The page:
Volume 26, Number 12—December 2020
Endovascular Infection with Kingella kingae Complicated by Septic Arthritis in Immunocompromised Adult Patient
We report a case of Kingella kingae endovascular infection in an immunocompromised elderly patient in Israel who had culture-negative septic arthritis. This case highlights potential sources of metastatic infection other than infective endocarditis, and emphasizes the need for molecular diagnostic methods in detection of pathogens in culture-negative septic arthritis in immunocompromised patients.
Kingella kingae, a gram-negative coccobacillus, might be part of the normal flora of the upper respiratory tract. It is a well-recognized causative agent of osteoartricular infections in children <4 years of age (1). In adults, it rarely causes infections; the most well-known is infective endocarditis as part of the HACEK (Haemophilus species, Aggregatibacter species, Cardiobacterium hominis, Eikenella corrodens, and Kingella species) group.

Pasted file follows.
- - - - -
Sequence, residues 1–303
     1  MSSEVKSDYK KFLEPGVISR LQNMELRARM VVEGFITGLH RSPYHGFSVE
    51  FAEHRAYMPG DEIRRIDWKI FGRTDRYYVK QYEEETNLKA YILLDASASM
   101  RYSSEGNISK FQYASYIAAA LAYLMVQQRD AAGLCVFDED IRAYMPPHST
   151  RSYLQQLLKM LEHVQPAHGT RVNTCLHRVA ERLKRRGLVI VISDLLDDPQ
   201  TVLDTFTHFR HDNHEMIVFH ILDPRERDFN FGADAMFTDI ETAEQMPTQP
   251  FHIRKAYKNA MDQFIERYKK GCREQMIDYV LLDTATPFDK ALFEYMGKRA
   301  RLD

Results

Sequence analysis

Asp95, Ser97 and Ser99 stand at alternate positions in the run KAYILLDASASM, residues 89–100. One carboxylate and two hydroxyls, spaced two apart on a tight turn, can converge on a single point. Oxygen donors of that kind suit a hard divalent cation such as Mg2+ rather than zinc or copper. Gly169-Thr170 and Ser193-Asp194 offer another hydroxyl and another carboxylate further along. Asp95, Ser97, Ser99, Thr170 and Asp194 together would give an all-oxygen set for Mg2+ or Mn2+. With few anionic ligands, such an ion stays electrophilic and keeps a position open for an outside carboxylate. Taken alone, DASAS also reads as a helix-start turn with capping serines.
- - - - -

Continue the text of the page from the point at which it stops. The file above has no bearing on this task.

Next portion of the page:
Predisposing factors for K. kingae infection are poor oral hygiene, pharyngitis, and mucosal ulcerations (2). Few cases of isolated septic arthritis in immunocompetent and immunocompromised adult patients had been described. We report a rare case of endovascular infection caused by K. kingae in an immunocompromised adult patient in Israel who had septic arthritis.